Haunting in Wyoming County

It was in 1929 in Orangeville - located in Wyoming County, in the state of New York - that Rodolphe V. carried out his first investigation into a haunting. As a journalist who had travelled to the United States to report on the impact of the Wall Street crash and the ensuing Great Depression, he took an interest in a small haunted house in Orangeville. Poltergeists and apparitions were terrifying  the occupants of the house and their neighbours.

The personal diary of Clark White, a farmhand and devotee of spiritualist séances and magic.

The Surnateum actively seeks out the notebooks and handwritten notes of spiritualists, magicians, witches, witnesses to disturbing phenomena, and others.
This notebook dates from 1855 and is one of the oldest and smallest in our collection. Despite this, the writing is perfectly legible, although the spelling seems a bit eccentric. Rodolphe V. brought this notebook back with him from the United States in 1929.
The notebook belonged to Clark White of Wyoming County, New York, who apparently lived in Orangeville; the entries begin on 1 March 1855. The notebook, which may have been kept at the home of the Butler family, near Warsaw, includes several references to spiritualist séances and magic. It would appear that Clark White was a member of a religious congregation or sect, because he refers to his neighbours as fathers, sisters and brothers. The notebook is actually fairly humourous. A few examples are given below.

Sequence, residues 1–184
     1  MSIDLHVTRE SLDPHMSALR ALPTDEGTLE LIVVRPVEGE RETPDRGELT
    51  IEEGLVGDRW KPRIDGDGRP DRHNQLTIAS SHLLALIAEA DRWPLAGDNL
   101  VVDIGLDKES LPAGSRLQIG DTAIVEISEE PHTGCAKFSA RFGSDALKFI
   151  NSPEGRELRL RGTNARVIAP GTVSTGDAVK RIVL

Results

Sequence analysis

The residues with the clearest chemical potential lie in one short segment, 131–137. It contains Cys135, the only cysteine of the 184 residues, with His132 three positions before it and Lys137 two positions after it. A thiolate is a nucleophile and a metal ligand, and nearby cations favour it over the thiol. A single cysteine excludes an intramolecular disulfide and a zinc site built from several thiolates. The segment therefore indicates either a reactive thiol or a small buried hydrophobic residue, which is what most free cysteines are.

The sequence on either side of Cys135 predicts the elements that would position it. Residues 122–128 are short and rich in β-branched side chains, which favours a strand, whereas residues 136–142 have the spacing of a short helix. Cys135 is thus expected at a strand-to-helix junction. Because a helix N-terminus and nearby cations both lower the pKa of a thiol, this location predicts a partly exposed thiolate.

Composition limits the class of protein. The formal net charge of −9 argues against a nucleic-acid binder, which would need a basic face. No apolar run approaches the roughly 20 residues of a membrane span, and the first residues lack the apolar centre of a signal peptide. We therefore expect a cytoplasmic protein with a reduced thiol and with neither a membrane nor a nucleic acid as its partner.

For instance, on 20 March he writes that it is "cold as Greenland,". On 21 March, "I chopped enough to break my ax (oh dear me)."
Although an excellent writer, White sometimes spelled his words phonetically, which can be confusing to the reader. One example: "wimin" instead of "women ".
1 April: "Cold windy snowy day. I kept the house. Cracked butternuts. Boiled a little sap … How good it is."
17 April: "I arose early and hunted skunks. Caught one in a box and played with him awhile and held the light for him to get away."
He sometimes acts like a shy young man with regard to the opposite sex: "Rained today. I worked in the house washing walls and run some upstairs and down and (was) led around by a woman, so I am tired."
The first mystery appears in early May: "My boy came from Buffalo." This was the first mention of any family.
On 4 May the mystery deepened: "Had an unsatisfactory talk with Jane White." Jane must have been his wife.
He first mentions spiritualism on 13 May: "Went to D. Griffins and heard a good spiritual lecture from his wife."
24 June: "Mr Green and wife staid until 2 o'clock (presumably 2 a.m.). We had a circile and the table tipped and rocked like a cradle."
1 July: "Went to Mr McWethey's and heard a lecture from an intranced (in a trance?) medium."
15 July: "Went to McWeithey to meeting. Good communication."
4 July (Independence Day): the child is mentioned again: "Went to Buffalo. Found Jane sick. William went to Mr Butts to live."

Such diaries are extremely rare. To find out more we contacted the historian for Wyoming County in the state of New York.